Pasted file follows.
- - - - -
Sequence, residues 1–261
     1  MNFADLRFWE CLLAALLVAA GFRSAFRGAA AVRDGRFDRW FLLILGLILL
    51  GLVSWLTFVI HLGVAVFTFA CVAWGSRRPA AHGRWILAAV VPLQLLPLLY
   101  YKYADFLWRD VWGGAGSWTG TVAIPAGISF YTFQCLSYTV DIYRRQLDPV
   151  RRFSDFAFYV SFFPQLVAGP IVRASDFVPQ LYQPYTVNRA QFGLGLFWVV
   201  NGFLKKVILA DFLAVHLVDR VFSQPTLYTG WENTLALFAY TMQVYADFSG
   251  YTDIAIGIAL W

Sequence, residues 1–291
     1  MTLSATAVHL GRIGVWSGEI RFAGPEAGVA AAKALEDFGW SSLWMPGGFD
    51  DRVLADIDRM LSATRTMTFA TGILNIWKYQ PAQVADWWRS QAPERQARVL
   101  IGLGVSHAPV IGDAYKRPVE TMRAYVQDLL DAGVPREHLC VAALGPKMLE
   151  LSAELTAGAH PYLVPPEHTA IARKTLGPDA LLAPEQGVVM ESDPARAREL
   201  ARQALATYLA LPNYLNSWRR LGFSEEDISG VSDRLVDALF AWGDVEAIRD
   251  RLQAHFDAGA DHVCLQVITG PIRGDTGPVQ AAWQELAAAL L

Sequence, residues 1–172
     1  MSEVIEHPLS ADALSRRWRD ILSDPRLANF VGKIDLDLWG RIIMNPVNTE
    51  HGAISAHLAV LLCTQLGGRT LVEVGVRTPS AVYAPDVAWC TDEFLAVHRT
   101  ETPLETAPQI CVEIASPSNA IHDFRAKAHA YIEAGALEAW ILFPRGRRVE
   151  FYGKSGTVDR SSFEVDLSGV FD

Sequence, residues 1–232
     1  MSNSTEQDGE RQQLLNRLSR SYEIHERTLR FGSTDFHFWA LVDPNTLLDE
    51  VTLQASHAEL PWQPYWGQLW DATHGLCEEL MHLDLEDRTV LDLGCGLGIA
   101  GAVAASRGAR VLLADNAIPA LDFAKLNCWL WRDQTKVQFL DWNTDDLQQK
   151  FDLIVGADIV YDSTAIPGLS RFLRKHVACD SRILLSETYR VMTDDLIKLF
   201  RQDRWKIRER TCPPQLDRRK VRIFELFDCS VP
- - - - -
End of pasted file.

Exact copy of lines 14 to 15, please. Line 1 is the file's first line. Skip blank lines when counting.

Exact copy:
   251  RLQAHFDAGA DHVCLQVITG PIRGDTGPVQ AAWQELAAAL L

Sequence, residues 1–172